Graham Vanbergen Correspondent
In modern societies people nowadays regard the notion of a holy war as nothing more than a contradiction. The deliberate slaughter and wholesale destruction of people and societies seems to be as far from holiness as one can get, surely.
However, religion and war have gone hand in hand for centuries and still do. Armies of young men forge ahead into battle with a belief that God is with them, He is on their side and will keep them safe irrespective of the risk. In biblical times, losing a war sometimes meant changing religion for the losers.
However, for war to be a holy war there has always been a central point of focus with religion being the spearhead. Preconditions such as the achievement of a religious objective, the authorisation of a religious leader and possibly spiritual rewards for the victors have a tendency to be ‘just war’ conditions.
Francis Bacon said there were five causes for holy war, (he wrote in a Christian context, but the categories would be usable by any faith) which were briefly; spreading the faith, rescuing Christians, recover religious sites being profaned and avenge blasphemous acts, or cruelties and killings of Christians (even if these took place long ago). From this you can see that the conflict against ISIS qualifies from every angle and perspective.
The British government managed an aggressive and pernicious campaign to overturn an embarrassing 2013 parliamentary vote on the bombing of Syria. It succeeded, but only after the Paris killing spree and the refugee crisis it was attached to. The reality for the government is that its citizens do not support its actions in Syria. The latest polls suggest less than half support the bombing of Syria and a third strongly object. How will they react when they find out Britain will start bombing Libya quite soon, one can only speculate.
The government accepts that it needs a new narrative to continue the indiscriminate and illegal killing of countless innocent civilians abroad to support it’s commitments to domestic weapons manufacturers and blindly follow American foreign policy. The legitimate authority for a holy war is not the government of a state but the Church, or person who heads the religious institution concerned.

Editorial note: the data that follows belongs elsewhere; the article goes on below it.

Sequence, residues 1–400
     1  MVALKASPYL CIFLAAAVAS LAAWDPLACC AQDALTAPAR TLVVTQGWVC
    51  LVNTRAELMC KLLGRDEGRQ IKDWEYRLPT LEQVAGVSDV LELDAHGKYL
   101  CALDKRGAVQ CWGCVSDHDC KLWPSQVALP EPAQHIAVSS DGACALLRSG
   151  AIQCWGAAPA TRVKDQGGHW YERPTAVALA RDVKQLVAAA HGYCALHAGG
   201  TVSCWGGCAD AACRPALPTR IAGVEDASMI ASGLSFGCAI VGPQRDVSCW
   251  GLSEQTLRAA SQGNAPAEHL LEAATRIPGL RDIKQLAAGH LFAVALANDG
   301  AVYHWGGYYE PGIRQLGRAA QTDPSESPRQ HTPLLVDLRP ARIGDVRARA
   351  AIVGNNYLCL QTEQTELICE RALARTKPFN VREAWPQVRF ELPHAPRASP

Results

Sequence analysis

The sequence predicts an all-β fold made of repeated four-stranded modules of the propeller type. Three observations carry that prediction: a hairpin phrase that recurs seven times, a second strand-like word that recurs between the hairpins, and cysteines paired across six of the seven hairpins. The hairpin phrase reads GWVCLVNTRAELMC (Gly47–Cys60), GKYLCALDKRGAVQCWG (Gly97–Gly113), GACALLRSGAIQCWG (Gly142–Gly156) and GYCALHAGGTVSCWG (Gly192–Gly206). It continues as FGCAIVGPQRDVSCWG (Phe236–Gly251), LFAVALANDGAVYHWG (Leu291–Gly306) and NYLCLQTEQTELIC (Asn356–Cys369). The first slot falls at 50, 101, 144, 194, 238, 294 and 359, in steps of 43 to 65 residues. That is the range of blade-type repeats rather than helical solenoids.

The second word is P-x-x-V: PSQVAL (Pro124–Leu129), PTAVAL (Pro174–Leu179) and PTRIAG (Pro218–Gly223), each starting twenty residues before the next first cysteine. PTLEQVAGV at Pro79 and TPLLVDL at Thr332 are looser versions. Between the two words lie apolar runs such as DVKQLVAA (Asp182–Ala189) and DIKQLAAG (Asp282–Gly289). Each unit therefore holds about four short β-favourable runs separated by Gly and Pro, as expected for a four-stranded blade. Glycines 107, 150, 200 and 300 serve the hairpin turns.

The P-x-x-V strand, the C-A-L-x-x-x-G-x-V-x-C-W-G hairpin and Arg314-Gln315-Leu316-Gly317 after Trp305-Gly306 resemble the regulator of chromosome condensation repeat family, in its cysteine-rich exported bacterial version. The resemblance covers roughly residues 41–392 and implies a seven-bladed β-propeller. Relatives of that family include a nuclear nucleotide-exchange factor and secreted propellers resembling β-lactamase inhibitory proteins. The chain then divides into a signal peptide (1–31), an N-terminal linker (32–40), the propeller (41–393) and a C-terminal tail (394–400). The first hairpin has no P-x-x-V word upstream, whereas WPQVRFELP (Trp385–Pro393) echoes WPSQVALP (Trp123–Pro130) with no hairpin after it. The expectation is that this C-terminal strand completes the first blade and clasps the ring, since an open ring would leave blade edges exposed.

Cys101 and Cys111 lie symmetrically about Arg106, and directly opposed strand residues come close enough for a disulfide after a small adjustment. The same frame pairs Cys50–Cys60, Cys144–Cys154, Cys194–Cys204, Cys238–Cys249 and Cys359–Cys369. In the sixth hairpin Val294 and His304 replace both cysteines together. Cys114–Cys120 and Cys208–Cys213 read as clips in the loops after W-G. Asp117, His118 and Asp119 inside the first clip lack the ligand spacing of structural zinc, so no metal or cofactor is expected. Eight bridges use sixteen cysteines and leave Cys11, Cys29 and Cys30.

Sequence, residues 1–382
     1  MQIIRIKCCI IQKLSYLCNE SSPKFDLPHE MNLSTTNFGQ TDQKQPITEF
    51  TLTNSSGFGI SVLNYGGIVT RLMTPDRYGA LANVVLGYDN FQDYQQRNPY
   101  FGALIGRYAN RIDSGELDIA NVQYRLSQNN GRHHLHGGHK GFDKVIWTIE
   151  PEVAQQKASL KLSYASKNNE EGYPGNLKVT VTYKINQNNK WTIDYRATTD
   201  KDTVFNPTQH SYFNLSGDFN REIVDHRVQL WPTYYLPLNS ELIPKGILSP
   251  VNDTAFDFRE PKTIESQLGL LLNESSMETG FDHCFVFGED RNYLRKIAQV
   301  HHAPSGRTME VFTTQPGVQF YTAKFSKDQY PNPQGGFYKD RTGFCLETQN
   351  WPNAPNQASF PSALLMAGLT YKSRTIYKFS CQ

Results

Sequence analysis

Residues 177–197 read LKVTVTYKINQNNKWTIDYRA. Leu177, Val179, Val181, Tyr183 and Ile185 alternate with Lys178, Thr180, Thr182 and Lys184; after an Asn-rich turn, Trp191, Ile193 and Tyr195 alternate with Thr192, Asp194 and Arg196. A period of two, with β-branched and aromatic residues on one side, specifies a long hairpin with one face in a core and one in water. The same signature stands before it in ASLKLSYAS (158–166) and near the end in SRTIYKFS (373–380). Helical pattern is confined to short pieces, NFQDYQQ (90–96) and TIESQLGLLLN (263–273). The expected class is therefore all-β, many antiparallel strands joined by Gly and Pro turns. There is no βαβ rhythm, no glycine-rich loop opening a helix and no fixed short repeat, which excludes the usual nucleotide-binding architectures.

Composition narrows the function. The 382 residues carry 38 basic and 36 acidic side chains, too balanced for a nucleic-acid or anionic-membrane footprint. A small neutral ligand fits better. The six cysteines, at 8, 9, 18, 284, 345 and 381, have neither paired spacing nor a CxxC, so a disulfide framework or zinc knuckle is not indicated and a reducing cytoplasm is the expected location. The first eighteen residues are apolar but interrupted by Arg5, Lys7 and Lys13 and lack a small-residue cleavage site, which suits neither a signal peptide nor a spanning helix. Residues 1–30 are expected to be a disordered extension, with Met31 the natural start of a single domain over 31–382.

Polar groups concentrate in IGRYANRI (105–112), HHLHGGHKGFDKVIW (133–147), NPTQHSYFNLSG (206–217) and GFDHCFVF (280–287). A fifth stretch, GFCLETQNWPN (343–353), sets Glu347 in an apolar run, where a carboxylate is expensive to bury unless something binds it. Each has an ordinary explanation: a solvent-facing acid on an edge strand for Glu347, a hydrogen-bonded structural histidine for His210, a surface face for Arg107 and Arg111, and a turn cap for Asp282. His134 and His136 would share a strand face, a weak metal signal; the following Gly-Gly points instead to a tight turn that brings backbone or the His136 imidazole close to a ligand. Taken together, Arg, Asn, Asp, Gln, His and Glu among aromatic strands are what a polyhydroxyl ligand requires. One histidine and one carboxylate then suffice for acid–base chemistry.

This Christmas we have witnessed something quite extraordinary – Britain’s leaders effectively ganging up to deliver a united message through the establishment press and media organisations. The Queen, The Prime Minister and our religious leaders acting in harmony, the message is religious and it’s about war.
“Britain’s two most senior clerics have drawn on the darker side of the nativity story in hard-hitting Christmas sermons warning of the possible “elimination” of Christianity from the region of its birth. The Archbishop of Canterbury, the Most Rev Justin Welby, and Cardinal Vincent Nichols, the leader of the Roman Catholic Church in England and Wales, both draw comparisons between the Biblical account of the mass murder of children around Bethlehem on the orders of King Herod and the 21st Century Jihadist threat”.
Welby branded the ISIS terror group “a Herod of today” as he warned that Christianity faces “elimination” in the region of its founding two millennia ago.
Meanwhile, Cardinal Nichols, the Archbishop of Westminster, also used his Christmas address to speak of the surge in murder driven by faith, also describing Christians being murdered by Islamist extremists as “martyrs”.
This year, the Queen used her Christmas Day broadcast to make her most overtly religious address to the nation quoting directly from the Gospel of John. She highlighted the Christian message of light triumphing over the dark following a year which has seen “moments of darkness.” In a masterclass of hypocrisy Britain’s prime minister, David Cameron, in a speech in Oxford on the 400th anniversary of the King James Bible, called for a revival of traditional Christian values.
He staunchly defended the role of religion in politics (something previous politicians have steered well away from) and said the Bible in particular was crucial to British values. “We are a Christian country and we should not be afraid to say so,” he told the audience at Christ Church.
What binds these speeches together is the politicisation of Britain’s indigenous religion as a pretext for attacking (or defending ourselves) another country based on its religion — in essence, a holy war. From the The Independent — Britain faces a terrorist threat lasting for decades, David Cameron has warned, as the official alert level was raised due to events in Iraq and Syria.
To ensure this new and enforced religious and political doctrine will continue for those decades we find that our schools must teach that Britain is a Christian country. “The guidance I have issued today makes absolutely clear that the recent judicial review will have no impact on what is currently being taught in religious education . . .”
Jesus, who famously taught, “blessed are the peacemakers” would have abhorred people like David Cameron, Francoise Hollande and Barrack Obama for their actions. Perceived as a political dissident and threat to government power with anti-government views, Jesus would have been arrested by these leaders and labelled a domestic extremist. The key thrown away.
But Cameron does not have such values. Britain is now the second largest arms seller in the world — thriving off death and destruction. It sells to any country who will buy no matter what human rights abuses occur as a result. One need not look further than the continued arms sales to Israel and their treatment of the Palestinians. According to historical and traditional sources, Jesus lived in Roman Judea, and died and was buried on the site of the Church of the Holy Sepulchre in Jerusalem, making the area a Holy Land for Christianity. — The Telegragh.